Before I ever stepped bare foot onto the mat, I watched my son train in karate for almost a whole year. Because I sat in the balcony of the gym while I watched, I got to see patterns of the katas the class worked on from a very unique perspective. Since I was also a graduate student with a ton of reading to do at the time, one of my eyes was always in a textbook - but when I finally did take Sensei up on his offer to give the class a try, I knew mostly all of the first form. It's amazing how much can actually be retained by watching something being done over and over again.
The first seven forms in our style have the same basic foot pattern - just different stances and/or hand positions - so once you learn the first, the next six come in short order. Although the bunkai was explained to me as I learned them, I think I was pretty much just going through the movements and placing my hands and feet where I was told they were supposed to be so I could get through this kata and onto learning the next. Then I saw one of my training partners present Geki-Sai dai Ichi and everything changed. As she moved through the stance and block changes, I could almost see her adversary - and I got it: Sensei F's adage about kata being "motion plus emotion" rang in my ear. The fluidity was fascinating! I didn't know how to make my body do that, but I knew I wanted to learn. Back to the beginning to tighten and refine.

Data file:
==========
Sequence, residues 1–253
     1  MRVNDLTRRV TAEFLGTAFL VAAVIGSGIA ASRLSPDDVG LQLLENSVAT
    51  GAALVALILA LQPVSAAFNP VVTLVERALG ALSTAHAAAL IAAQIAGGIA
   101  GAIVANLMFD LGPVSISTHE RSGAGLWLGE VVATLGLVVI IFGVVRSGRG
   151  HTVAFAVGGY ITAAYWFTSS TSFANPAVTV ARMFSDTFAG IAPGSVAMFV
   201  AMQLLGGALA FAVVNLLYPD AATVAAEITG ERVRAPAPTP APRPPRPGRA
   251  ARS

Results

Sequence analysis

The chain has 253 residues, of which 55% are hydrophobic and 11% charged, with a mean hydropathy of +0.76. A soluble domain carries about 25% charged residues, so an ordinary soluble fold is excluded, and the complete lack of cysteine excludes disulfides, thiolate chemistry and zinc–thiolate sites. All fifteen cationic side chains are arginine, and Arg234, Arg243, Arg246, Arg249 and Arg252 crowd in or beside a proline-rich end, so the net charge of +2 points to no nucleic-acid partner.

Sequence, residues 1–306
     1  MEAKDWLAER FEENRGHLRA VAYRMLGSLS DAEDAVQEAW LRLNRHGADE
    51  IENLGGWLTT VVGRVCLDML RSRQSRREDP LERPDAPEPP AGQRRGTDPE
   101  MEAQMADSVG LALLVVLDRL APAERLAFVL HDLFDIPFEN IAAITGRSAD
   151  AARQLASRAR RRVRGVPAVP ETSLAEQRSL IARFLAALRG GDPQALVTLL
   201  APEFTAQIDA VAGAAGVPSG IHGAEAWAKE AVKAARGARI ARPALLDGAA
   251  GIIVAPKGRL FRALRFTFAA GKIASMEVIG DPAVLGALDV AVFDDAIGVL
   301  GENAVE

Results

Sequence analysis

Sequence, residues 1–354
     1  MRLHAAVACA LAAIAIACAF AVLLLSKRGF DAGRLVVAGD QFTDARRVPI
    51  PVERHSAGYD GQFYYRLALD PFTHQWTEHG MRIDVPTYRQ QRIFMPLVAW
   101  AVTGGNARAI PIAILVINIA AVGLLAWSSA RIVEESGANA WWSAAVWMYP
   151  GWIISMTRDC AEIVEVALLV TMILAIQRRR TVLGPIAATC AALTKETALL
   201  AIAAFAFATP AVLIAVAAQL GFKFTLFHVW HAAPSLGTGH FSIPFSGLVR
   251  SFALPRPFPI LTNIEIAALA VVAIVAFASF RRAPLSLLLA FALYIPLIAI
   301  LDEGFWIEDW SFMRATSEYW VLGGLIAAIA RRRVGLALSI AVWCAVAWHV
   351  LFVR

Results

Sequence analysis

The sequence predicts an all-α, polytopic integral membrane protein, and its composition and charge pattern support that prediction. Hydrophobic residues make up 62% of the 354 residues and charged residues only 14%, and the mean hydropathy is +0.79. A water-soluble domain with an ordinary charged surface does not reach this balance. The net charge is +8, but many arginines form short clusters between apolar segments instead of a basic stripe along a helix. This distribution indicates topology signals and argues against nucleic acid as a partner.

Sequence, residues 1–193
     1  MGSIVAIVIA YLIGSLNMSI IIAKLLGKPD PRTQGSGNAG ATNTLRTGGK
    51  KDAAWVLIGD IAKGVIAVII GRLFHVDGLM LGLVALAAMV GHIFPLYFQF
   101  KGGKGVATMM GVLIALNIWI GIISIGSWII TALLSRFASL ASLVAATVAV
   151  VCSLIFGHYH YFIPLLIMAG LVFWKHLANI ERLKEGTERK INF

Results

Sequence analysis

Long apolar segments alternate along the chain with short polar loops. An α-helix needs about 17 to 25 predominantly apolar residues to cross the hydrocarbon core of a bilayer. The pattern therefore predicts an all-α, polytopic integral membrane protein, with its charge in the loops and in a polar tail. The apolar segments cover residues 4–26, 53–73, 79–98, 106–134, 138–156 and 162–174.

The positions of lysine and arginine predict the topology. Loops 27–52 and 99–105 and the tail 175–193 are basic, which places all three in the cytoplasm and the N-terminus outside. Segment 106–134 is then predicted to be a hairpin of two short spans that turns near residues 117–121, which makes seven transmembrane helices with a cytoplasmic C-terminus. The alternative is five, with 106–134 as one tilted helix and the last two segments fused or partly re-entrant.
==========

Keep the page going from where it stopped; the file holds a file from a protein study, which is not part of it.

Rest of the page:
Lately, kata work has been highly specialized. Of course the bunkai is emphasized, but so much more attention is paid to the seemingly subtle things like hand placement, staying "in the dance" and especially breathing timed with the movements. I'm finding that where I used to be thinking about the next move, I'm now thinking about how effective and efficient the move needs to be and what I need to do with my arms, my hands, my legs, my feet and my torso to make it happen. Once more, I'm finding a new need to take them all apart, refine, tighten and clean them up again. It sometimes seems like an impossibly large undertaking, but very necessary. There is always something new to learn for sure.
Each day, it seems that the adage about kata being the art of the martial arts makes more sense to me - and like any artistic endeavor, it takes time, energy and work to make it shine. A musician friend of mine refers to the honing of the skills for his craft as "shedding" - as in taking it apart, doing it and doing it again and learning how to do it better, all in the woodshed behind the house, which is how it used to be done back in the day.
Heading to the shed!